Crime spree was “drug war”; Sash Sawh family lobbying govt for “justice”

Last Updated on Tuesday, 26 July 2016, 8:17 by Denis Chabrol

Late Agriculture Minister, Satyadeow 'Sash' Sawh.

Late Agriculture Minister, Satyadeow ‘Sash’ Sawh.

President David Granger on Monday insisted that the violent crime spree between 2002 and 2010 was part of a “drug war,” and said that he has been asked by the family of slain Agriculture Minister, Satyadeow Sawh to ensure that there is justice.

“We were faced with a drug war. We were faced with people who were shooting and killing to expand a drug empire,” Granger, a retired Guyana Defence Force (GDF) Brigadier, told the closing session of an Orientation Workshop for newly-appointed diplomats.

He said when he was in Toronto, relatives of Sawh, who was gunned down at his La Bonne Intention (LBI) village in April, 2006, “are approaching me to get justice so it’s not something we can forget.”

Asked after the end of the formal proceedings whether there would be an inquiry into the killing of Sawh, his brother and sister by a gang that waylaid them shortly after they had arrived home late that night, the President restated that there would be a probe of all deaths during that crime spree but he declined to give a time frame.  He said a lot of work first has to be done. “I haven’t set a timeline but we are dealing with other issues…We have to do some preliminary work on the evidence before we set up a formal Commission of Inquiry,” he said.

One theory that has been bandied about was that gang members had been hired to kill Sawh because, as the then minister responsible for forestry, he had objected to Kaow Island being possessed by Aurelius Inc; a company whose principal had been now convicted drug lord, Shaheed ‘Roger’ Khan.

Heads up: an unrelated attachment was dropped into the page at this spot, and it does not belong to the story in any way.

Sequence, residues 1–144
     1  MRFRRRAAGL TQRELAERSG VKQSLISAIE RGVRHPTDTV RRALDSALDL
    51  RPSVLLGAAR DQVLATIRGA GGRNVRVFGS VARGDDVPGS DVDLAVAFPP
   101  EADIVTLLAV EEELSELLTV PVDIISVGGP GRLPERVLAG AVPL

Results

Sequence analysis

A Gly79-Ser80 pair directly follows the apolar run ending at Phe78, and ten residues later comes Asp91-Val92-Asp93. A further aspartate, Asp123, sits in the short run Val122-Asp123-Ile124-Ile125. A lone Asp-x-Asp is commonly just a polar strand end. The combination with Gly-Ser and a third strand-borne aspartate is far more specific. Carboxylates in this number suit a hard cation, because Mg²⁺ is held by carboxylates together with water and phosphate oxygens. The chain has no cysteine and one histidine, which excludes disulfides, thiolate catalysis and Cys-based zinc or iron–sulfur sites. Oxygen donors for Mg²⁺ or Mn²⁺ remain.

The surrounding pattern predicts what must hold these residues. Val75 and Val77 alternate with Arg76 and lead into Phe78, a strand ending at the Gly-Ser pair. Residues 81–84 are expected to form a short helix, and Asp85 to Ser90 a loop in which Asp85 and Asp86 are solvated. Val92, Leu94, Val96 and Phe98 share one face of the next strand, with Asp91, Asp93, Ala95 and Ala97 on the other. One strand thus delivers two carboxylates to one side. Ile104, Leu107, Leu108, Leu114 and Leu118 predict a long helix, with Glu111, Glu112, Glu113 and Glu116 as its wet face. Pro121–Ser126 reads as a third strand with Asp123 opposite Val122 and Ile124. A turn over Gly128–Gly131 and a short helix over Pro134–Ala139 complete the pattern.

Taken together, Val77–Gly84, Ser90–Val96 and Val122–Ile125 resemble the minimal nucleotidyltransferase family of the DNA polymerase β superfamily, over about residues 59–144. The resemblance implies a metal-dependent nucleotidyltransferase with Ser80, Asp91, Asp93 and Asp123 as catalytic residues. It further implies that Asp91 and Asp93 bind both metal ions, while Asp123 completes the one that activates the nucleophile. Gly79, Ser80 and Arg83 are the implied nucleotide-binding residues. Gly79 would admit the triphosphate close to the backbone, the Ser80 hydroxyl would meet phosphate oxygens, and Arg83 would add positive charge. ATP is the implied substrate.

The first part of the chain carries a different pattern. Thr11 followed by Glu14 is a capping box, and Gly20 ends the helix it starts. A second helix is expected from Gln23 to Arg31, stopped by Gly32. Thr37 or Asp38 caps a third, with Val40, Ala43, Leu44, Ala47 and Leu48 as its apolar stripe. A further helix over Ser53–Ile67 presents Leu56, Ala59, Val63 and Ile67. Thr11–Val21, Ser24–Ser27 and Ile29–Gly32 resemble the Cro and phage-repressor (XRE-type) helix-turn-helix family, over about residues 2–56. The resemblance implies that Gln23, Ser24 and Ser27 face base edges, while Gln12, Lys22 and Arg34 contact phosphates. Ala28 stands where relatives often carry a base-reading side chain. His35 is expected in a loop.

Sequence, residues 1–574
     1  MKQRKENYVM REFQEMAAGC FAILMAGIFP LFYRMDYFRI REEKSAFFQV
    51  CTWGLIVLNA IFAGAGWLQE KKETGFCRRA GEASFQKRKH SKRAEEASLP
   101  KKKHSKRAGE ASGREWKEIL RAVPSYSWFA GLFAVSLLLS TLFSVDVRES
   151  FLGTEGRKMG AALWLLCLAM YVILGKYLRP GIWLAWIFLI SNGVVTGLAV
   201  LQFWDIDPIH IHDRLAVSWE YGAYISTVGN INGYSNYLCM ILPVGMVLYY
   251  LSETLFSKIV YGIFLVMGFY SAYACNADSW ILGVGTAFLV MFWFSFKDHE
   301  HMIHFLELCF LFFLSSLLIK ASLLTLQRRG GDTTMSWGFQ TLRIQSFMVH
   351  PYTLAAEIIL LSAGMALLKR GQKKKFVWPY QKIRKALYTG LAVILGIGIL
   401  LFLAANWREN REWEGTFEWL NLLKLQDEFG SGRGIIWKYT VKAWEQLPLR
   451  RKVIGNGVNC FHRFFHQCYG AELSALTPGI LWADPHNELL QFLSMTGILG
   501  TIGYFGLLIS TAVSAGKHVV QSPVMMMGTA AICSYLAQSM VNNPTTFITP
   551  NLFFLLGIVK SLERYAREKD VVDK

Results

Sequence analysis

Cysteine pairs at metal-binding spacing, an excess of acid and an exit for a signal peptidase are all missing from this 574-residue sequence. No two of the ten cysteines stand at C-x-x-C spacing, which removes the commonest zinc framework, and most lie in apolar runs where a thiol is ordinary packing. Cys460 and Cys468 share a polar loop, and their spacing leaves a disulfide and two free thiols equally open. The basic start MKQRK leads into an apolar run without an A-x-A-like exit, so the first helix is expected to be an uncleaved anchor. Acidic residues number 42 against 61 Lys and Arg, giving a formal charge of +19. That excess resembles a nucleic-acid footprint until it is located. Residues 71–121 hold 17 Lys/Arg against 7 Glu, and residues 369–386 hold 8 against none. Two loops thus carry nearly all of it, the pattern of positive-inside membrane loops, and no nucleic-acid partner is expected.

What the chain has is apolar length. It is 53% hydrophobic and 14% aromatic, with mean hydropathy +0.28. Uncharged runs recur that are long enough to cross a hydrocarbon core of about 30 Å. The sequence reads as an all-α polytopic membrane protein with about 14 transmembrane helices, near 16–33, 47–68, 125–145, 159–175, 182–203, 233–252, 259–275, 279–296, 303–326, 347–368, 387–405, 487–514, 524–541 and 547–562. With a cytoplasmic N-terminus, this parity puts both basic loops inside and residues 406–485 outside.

The gang had been blamed for massacres in Lusignan and Bartica as well as the gunning down of numerous policemen in the line of duty.

The crime wave began in February 2002 when five dangerous criminals escaped from the Georgetown Prison and almost immediately sought refuge in the East Coast Demerara village of Buxton. Quickly , the gang, armed with assault rifles,  had grown and continued almost daily murders, kidnappings and robberies.

Stretching the period back to 2000, the President linked today’s crimes to what had transpired then. “Much of the crime you see taking place in Guyana now came about because many of the children who were four and five years old in 2000 are now 20 and 22 years old. It is the secondary impact of that intense violence that was taking place and that violence was drug-driven and we need to make our country safe and secure again,” he said.

Then opposition activists and one of the escapees, Andrew Douglas, had labeled some gang members “freedom fighters.” Khan, who was subsequently caught in neighbouring Suriname and convicted in New York for cocaine trafficking, had been held with high powered weapons and sophisticated mobile tapping and triangulation location equipment by a Guyana Defence Force (GDF) patrol. Evidence later presented by the manufacturer in a New York court had shown that then Minister of Health, Dr. Leslie Ramsammy had authorised the purchase of such triangulation equipment.

Khan had been named in a United States International Narcotics Control Strategy Report as someone who had had access to a large forestry concession at Kaow Island, Essequibo River- that the Americans had regarded as outpost for drug trafficking. While he had been on the run, Khan had issued several statements in a local newspaper claiming credit for preventing a coup against the then People’s Progressive Party Civic (PPPC) administration.

The President and his APNU+AFC coalition, which had campaigned heavily that it would make Guyana safe again, cited the need to seal off Guyana’s borders from contraband, drugs and guns. “We need to make this country secure by securing our borders from transnational crime. You can’t wink at back-tracking and nod at contraband smuggling and expect to be safe,” he said.

Among those who had been kidnapped and subsequently released after huge ransoms had been paid had been a number of Trinidadians who had been working on a  potable water supply improvement project and then US Embassy Regional Security Officer, Stephen Lesniak while he had been playing golf at the Lusignan Golf Course.